Finally, Complainants’ trademark registrations predate Respondent’s Disputed Domain Name registration. These cumulative factors clearly demonstrate that Respondent should be considered to have registered and to be using the Disputed Domain Name in bad faith as stated at the WIPO case No. D2016-0456 Amis Paris v. Amiparis, Amipa, where the Panel found out the following:

“Based on the evidence presented to the Panel, including the late registration of the disputed domain name which includes to the Complainant’s marks, the confusing similarity between the Complainant’s trademark and the disputed domain name, the Respondent’s failure to reply to the cease-and-desist letter, the failure of the Respondent to respond to the Complaint and the Respondent’s passive holding of the disputed domain name, the Panel draws the inference that on balance the disputed domain name has been registered and is being used in bad faith.”

It is an established principle that the lack of active use of a domain name does not as such prevent a finding of bad faith as indicated in the following WIPO Cases: Vertu Corporation Limited v. David Szn and Jun Luo, WIPO Case No. D2015-0185; Accor, So Luxury HMC v. Youness Itsmail, WIPO Case No. D2015-0287; McGrigors LLP v. Fraser Coutts, WIPO Case No. DCO2011-0022).

SUMMARY

To summarize, the trademark PENTAIR was established more than 50 years ago and is a well-known mark in water treatment worldwide with 110 locations in 30 countries. Respondent bears no relationship to the trademarks and the Disputed Domain Name has no other meaning except for referring to Complainants’ name and trademarks, along with an additional “R” which is difficult to spot. Further; the Disputed Domain Name has active MX records, which makes it highly suspect for involvement in potential phishing attacks. Complainant submits there is the potential for the Disputed Domain Name to do harm through a phishing scam or other fraudulent misconduct. The Disputed Domain Name is not being used for any legitimate purpose, but rather is merely being passively held. Respondent did not respond to multiple attempts to contact it which is an additional element of bad faith in accordance with the applicable cases described in this Complaint. Consequently, the Respondent should be considered to have registered and to be using the Disputed Domain Name in bad faith.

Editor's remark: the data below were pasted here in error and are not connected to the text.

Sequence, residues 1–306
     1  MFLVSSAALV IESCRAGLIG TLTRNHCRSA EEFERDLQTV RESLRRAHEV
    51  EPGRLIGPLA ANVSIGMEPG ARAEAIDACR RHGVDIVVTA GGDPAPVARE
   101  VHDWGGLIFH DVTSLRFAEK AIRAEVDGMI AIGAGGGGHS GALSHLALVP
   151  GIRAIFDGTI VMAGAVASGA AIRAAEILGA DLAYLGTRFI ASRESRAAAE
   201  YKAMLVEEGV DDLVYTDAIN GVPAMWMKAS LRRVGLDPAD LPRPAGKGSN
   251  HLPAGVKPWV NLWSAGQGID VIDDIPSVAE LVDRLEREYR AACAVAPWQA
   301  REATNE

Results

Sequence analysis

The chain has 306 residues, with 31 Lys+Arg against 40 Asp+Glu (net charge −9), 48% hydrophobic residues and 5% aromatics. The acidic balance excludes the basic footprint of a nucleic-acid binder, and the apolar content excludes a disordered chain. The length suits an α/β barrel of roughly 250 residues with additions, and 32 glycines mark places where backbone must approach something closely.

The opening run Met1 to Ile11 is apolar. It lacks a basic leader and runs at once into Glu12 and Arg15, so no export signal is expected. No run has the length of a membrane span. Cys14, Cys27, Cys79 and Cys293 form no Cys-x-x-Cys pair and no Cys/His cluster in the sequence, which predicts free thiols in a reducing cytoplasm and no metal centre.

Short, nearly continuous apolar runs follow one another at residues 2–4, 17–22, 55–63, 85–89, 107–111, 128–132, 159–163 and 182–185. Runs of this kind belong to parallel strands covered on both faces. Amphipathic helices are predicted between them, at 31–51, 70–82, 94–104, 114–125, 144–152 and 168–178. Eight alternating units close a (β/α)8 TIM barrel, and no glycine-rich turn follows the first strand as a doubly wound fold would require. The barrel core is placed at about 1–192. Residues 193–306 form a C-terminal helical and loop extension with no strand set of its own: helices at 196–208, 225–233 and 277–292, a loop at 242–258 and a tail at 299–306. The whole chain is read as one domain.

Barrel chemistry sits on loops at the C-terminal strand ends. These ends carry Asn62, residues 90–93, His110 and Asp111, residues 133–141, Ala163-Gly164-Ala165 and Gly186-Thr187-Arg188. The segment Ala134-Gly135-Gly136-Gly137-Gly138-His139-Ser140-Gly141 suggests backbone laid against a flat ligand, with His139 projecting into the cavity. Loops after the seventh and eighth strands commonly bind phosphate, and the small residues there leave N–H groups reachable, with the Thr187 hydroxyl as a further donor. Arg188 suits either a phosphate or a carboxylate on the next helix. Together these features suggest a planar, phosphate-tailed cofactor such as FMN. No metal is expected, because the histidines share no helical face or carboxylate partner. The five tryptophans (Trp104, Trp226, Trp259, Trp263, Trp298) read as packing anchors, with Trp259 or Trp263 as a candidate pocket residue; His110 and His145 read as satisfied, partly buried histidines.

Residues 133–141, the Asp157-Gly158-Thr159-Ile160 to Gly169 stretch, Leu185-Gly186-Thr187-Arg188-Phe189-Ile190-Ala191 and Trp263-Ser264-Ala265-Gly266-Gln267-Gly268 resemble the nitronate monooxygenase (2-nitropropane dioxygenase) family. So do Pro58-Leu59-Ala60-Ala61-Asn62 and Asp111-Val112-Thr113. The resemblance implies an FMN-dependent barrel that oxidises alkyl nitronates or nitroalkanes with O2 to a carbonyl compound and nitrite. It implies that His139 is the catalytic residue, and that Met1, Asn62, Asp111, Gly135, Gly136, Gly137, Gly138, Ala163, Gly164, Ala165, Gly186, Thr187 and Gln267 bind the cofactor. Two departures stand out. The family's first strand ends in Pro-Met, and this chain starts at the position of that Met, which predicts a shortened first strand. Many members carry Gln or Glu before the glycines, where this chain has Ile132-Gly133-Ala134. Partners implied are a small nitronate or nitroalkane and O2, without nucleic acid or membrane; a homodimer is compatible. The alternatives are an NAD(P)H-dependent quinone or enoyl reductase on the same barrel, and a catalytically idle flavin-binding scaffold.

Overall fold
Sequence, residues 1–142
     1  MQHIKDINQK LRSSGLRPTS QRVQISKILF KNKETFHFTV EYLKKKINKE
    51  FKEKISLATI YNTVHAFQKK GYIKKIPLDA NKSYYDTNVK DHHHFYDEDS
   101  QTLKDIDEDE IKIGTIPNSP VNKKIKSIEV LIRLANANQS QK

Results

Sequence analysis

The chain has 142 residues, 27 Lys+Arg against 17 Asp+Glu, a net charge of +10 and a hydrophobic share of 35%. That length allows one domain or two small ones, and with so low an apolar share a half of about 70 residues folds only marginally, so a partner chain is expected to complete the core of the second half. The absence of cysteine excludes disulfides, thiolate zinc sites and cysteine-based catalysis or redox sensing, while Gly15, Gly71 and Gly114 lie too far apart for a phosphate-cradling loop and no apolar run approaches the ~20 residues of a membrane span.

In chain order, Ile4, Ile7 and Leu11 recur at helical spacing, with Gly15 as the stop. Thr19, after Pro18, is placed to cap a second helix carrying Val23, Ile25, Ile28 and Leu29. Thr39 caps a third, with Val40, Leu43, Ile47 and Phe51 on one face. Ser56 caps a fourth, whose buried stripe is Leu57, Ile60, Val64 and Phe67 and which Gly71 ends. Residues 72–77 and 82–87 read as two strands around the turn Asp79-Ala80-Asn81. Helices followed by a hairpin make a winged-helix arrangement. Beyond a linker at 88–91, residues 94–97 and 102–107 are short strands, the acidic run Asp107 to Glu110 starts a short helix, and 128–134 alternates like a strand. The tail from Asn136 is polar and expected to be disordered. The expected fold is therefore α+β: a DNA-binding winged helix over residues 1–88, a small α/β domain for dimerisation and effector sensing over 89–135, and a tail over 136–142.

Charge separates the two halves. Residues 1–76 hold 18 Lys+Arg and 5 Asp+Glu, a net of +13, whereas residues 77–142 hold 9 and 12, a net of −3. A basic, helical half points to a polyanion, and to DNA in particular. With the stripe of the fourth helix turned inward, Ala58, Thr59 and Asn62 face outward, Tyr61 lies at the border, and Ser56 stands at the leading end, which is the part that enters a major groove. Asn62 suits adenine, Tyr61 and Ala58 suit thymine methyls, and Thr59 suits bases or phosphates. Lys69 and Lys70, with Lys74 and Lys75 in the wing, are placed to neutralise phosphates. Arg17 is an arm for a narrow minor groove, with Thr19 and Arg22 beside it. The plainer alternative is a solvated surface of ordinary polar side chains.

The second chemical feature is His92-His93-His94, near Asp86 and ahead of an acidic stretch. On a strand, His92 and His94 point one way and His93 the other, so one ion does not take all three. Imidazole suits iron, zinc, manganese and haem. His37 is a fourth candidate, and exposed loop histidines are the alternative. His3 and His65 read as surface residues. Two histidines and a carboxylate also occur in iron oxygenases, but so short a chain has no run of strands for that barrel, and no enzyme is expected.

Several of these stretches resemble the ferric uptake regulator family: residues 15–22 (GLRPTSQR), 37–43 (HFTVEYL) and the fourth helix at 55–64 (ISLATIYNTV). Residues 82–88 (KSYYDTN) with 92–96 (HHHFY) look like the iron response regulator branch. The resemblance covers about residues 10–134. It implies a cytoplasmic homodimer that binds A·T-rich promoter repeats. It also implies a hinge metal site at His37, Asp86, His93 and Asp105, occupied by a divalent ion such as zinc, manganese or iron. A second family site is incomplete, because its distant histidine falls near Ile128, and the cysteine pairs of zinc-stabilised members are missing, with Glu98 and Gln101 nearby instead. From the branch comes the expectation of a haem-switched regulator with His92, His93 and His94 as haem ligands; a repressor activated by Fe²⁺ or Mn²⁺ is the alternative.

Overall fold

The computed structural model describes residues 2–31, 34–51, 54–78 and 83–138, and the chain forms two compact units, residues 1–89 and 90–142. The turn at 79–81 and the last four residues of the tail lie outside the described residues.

NO ADMINISTRATIVELY COMPLIANT RESPONSE HAS BEEN FILED.
Rights
The Complainant has, to the satisfaction of the Panel, shown the disputed domain name is identical or confusingly similar to a trademark or service mark in which the Complainant has rights (within the meaning of paragraph 4(a)(i) of the Policy).
No rights or legitimate interests
The Complainant has, to the satisfaction of the Panel, shown the Respondent to have no rights or legitimate interests in respect of the disputed domain name (within the meaning of paragraph 4(a)(ii) of the Policy).
Bad faith
The Complainant has, to the satisfaction of the Panel, shown the disputed domain name has been registered and is being used in bad faith (within the meaning of paragraph 4(a)(iii) of the Policy).
Procedural Factors
The Panel is satisfied that all procedural requirements under UDRP were met and there is no other reason why it would be inappropriate to provide a decision.